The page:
One year ago today a group from the California American Atheists converged on San Jose, California, to protest the display of a nativity scene in a city park. The display is part of a larger one called Christmas in the Park that includes other symbols of the Christmas season. The atheists were protesting the use of public property to display Christian symbols and the use of public funds to support it. Christmas in the Park is supported in part by San Jose’s Convention and Visitors Bureau.
Sixteen protesters in all were there. One of them was dressed like Uncle Sam. Another wore a Santa costume and carried a sign that said: “I am god [little “g”] with training wheels.” The most interesting sign was the one that read: “the holiday season is more than just Christmas.” The group was pleased with their efforts. The local ABC affiliate covered the protest, which gave them a larger audience for their complaints. Their own assessment of the event goes like this: “It was a very successful event. It helped to raise the issue of public holiday religious displays in the public’s consciousness as well as promote American Atheists and our position.”1
As much as this story might infuriate us to think that people would object to the display of a nativity scene, we should ac- knowledge that the real Christmas has always had a hard time being recognized. Through the years cultures have imposed themselves on Christmas and sometimes succeeded in crowding out the Christ of Christmas. And I’m afraid there is no sign of these culture wars letting up any time soon. We see it everywhere. Santa is more prominent than the baby Jesus. People spend more time shopping for and wrapping presents than they spend in Christmas services. Spending for each other is many times over what we give in honor of the One whose birth is remembered at Christmas.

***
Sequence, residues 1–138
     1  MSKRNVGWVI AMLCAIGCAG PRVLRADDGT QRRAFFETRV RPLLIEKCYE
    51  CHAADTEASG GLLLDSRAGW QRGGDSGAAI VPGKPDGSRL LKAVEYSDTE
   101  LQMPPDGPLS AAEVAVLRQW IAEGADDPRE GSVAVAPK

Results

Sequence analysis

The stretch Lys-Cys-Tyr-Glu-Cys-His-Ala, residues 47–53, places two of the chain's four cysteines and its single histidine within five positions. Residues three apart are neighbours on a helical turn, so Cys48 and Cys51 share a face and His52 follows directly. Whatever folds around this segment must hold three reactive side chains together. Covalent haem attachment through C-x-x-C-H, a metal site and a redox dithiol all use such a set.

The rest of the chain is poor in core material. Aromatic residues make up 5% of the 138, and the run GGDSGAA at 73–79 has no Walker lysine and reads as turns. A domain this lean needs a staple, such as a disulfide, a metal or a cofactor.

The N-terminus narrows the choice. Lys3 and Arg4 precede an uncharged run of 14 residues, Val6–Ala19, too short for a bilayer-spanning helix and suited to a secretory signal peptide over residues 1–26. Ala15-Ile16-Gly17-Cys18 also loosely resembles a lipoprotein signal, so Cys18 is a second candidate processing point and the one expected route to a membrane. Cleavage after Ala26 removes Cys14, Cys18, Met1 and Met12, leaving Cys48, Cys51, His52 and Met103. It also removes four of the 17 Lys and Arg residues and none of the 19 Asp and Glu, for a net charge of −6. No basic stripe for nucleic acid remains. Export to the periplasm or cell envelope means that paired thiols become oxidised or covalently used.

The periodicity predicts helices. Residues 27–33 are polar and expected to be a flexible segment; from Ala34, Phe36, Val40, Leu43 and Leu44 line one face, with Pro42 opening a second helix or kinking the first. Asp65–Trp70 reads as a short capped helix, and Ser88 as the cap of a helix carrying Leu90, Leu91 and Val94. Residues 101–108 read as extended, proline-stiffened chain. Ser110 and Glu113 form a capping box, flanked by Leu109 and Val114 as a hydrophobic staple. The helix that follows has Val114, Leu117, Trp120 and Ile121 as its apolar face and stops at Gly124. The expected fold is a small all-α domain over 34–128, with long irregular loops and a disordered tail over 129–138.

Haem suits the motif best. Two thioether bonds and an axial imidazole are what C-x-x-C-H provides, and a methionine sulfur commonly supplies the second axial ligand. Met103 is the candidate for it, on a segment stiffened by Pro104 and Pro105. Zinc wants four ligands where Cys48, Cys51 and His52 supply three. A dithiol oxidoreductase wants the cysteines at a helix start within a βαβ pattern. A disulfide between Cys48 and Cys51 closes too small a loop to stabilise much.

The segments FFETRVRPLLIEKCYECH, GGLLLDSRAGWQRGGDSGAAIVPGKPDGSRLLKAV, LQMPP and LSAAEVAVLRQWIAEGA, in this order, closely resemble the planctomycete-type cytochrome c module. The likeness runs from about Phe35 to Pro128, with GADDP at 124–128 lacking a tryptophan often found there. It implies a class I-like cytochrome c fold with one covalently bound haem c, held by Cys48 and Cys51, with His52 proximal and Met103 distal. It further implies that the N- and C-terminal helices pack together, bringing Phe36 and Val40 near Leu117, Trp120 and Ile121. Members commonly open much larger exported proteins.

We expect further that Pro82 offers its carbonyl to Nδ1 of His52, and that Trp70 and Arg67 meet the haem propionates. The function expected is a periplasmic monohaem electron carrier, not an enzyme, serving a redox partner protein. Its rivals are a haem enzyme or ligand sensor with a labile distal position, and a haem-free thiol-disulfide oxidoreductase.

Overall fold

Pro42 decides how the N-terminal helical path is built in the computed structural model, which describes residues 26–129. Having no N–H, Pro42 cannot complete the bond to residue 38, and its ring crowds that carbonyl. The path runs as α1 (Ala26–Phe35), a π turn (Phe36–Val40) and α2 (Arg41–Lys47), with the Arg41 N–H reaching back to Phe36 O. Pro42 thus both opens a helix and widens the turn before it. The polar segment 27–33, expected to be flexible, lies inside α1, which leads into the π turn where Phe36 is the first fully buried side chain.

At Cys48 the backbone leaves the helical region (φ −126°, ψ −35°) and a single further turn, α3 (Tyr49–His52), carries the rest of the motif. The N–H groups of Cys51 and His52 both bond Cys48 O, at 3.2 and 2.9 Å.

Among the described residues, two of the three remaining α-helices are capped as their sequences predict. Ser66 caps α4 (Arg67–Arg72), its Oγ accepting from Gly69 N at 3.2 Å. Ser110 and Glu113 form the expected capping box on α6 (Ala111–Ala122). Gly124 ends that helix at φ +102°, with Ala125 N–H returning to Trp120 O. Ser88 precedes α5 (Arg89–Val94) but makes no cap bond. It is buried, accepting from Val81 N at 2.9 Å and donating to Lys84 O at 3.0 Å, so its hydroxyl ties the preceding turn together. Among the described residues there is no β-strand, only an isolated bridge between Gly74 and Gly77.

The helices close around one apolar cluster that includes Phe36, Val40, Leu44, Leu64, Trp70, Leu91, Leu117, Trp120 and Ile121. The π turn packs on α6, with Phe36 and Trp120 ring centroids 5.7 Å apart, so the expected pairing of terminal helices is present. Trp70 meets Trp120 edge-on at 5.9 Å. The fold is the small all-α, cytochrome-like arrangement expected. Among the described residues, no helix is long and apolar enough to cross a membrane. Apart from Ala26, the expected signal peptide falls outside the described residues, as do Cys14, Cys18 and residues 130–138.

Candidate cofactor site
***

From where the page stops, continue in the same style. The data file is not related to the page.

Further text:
What’s a Christian to do? In light of the battle for Christmas waged every year between the sacred and the secular, what are we to do?
First, let’s understand the problem. Over the years Christmas has sustained two kinds of losses to culture. There are traditions that began as part of the religious side of Christmas but gradually lost that symbolism and are now only secular, and there are secular traditions that have grown to the point that they leave less and less place for the baby Jesus in our Christmas celebrations.
The Christmas tree is a good example of the first kind of loss. There is a popular legend that says the practice of decorating an evergreen tree at Christmas began with Martin Luther almost 500 years ago. As the legend goes, Luther was walking one night and looking up at the starry sky through the branches of a tree. He was struck with the idea of a tree having lights and hurried home to place candles on the branches of a tree.
On the medieval church calendar December 24 was Adam and Eve Day. The story of their fall into sin included a “paradise tree” representing the tree of the Life in the Garden of Eden, the fruit of which Adam and Eve ate in disobedience of God. This story was told as part of the preparation of the celebrations of Christ’s birth the next day.
The first Christmas trees, then, were symbols of the biblical story. The Germans popularized the decorating of trees as part of Christmas. First there were paper flowers and fruit hung on trees. In some cases wafers representing Christ’s body were attached to Christmas trees. But those symbols have fallen off the tree. Now there are only electric lights, colored balls, and tensile with no particular symbolism at all, much less Christian symbols with the exception of the Christmas Tree that still tells the story of the Christ of Christmas.